1. Rupee unlikely to extend surprise rally; may reverse gains by year-end

Rupee unlikely to extend surprise rally; may reverse gains by year-end

The rally in Indian rupee may halt soon and Asia’s best performing currency this year may even see a reversal of all gains through the next quarter on slowing portfolio inflows, potential downturn in equities markets and possible correction after the sharp surge.

By: | Published: May 4, 2017 8:30 AM
Rupee rallied 4.7% between January and March, its best first quarter in 42 years since 1975. It has further appreciated since then with overall about 6% rise in 2017 year-to-date, touching its 20-month high of 63.92 per dollar in late April. (Image: Reuters)

The rally in Indian rupee may halt soon and Asia’s best performing currency this year may even see a reversal of all gains through the next quarter on slowing portfolio inflows, potential downturn in equities markets and possible correction after the sharp surge, while expected hikes in the US interest rates will likely provide support to the US dollar, experts say.

A Reuters report, citing a poll, said on Wednesday that the rupee is forecast to weaken to 66.23 per dollar in the year, falling by over 3% from its current trading level of 64.22. “The expected losses come despite the Reserve Bank of India having moved to a neutral stance earlier this year from an easing bias,” the Reuters report said. Although, the report added that economists have also suggested (in a separate poll) that the central bank will next likely cut interest rates towards the end of the year.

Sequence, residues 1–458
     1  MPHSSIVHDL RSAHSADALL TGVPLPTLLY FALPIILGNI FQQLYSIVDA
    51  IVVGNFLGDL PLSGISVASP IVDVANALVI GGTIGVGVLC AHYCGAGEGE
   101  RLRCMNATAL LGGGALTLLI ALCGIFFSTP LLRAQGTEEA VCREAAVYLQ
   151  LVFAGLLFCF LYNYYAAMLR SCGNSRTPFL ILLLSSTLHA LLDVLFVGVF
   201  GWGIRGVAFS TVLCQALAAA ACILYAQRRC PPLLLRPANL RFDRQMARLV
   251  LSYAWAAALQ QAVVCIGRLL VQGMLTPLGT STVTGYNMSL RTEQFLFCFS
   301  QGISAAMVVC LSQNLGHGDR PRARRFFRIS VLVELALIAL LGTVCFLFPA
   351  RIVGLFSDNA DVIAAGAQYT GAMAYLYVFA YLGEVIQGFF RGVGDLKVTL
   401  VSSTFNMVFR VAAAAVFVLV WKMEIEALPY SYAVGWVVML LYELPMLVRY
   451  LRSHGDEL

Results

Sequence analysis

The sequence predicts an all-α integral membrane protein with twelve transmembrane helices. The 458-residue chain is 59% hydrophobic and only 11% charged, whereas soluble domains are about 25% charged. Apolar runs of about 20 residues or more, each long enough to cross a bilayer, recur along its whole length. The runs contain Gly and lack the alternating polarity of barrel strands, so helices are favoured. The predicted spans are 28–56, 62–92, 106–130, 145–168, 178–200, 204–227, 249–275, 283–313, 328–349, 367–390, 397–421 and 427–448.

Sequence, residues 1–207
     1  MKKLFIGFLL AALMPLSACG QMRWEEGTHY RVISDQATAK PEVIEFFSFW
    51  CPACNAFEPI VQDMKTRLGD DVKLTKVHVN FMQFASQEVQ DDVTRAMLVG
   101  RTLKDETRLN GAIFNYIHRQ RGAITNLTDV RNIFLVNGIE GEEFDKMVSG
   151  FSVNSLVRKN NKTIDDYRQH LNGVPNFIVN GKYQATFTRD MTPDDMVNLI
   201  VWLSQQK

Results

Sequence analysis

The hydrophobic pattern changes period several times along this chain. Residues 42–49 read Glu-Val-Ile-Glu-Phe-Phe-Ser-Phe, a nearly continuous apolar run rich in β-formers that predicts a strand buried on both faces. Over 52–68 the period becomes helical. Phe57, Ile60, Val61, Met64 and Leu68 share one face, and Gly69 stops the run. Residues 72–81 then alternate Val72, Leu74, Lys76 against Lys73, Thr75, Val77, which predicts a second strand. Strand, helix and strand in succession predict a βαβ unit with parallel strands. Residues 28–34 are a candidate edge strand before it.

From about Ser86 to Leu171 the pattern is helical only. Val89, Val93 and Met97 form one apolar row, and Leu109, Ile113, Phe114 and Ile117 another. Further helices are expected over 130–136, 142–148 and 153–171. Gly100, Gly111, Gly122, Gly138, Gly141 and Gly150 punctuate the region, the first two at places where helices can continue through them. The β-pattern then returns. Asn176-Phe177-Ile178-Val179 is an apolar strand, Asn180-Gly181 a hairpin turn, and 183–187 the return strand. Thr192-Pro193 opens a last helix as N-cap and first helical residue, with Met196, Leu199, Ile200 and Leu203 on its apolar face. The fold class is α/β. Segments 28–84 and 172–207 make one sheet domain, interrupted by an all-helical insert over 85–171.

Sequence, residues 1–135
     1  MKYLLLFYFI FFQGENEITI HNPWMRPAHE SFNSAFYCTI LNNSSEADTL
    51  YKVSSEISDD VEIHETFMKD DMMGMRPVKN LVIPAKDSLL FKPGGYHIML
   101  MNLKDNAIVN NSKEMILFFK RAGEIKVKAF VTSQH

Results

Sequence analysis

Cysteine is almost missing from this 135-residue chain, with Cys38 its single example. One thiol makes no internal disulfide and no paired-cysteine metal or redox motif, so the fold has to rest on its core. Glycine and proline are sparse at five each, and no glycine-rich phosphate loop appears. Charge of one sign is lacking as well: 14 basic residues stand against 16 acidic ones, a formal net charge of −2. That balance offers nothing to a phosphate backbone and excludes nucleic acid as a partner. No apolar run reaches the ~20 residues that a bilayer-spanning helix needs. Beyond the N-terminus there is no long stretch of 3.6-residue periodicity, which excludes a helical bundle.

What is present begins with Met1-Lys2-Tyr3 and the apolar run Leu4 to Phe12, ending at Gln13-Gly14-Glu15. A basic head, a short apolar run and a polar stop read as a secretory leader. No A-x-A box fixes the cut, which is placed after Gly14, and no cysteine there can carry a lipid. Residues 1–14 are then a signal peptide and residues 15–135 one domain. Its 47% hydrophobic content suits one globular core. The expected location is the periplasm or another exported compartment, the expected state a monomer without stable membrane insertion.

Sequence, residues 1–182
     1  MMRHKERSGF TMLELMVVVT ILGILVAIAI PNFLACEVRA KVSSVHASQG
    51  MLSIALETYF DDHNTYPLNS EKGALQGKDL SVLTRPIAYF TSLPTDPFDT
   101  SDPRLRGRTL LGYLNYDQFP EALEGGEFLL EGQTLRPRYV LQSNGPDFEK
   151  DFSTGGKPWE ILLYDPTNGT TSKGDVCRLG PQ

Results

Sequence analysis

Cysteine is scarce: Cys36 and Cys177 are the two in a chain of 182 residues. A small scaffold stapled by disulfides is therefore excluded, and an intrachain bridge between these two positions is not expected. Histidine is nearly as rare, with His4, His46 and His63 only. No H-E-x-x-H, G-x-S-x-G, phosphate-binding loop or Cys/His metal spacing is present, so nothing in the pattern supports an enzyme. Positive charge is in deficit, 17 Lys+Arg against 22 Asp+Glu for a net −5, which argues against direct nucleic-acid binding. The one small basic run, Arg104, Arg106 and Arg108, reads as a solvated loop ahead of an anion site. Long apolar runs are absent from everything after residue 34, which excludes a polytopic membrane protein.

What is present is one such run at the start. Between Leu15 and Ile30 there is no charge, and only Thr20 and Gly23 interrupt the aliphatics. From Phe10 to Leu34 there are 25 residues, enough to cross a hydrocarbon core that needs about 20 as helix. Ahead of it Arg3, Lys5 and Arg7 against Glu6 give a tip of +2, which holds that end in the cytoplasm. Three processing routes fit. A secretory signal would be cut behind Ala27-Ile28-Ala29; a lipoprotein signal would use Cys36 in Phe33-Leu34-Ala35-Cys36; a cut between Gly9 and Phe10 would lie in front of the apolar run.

Rupee rallied 4.7% between January and March, its best first quarter in 42 years since 1975. It has further appreciated since then with overall about 6% rise in 2017 year-to-date, touching its 20-month high of 63.92 per dollar in late April.

Correction imminent

However, the rupee’s surprise appreciation could end if global stocks, including India, run into a summer correction, DBS Bank said in a research report released today. “If equities correct in summer, INR could return all gains into 3Q (Jul-Sep) before recovering in 4Q, but closing the year below the high seen in 2Q (in April),” DBS Bank said in the report.

In the best case scenario, DBS Bank sees the rupee and the benchmark stock index BSE Sensex doubling gains in the year. However, in its worst case scenario, a hawkish US Fed policy would push the US bond yields higher, leading to a resurgent USD. it said.

Further, DBS report said that the rupee at present also carries the risk of correcting post the sharp rally. “For now, the risk of a summer correction in the INR cannot be discounted. Neither could we rule out a higher USD later in the year, especially if the Fed starts winding down its balance sheet as planned,” it said.

Historic gains

The Singapore-based lender and financial services provider expects the rupee to fall to 64.7 per US dollar by the end of the second quarter of the current year, and further to 64.8 by third quarter and to 64.9 by the end of the year. The consensus Bloomberg forecast for the Indian currency is at 66 per US dollar by the end of June, and at 67 by the end of December.

“The likely slowing of portfolio inflows, continued intervention by the central bank amid higher real-effective exchange rates, and wider trade deficits given seasonal factors could slow the pace of further rupee appreciation,” a recent Bloomberg report said quoting Divya Devesh, Asia FX strategist at Standard Chartered. Devesh further said to Bloomberg that the rupee will likely see some consolidation in the near-term as its year-to-date gains are quite sharp on a historical basis.

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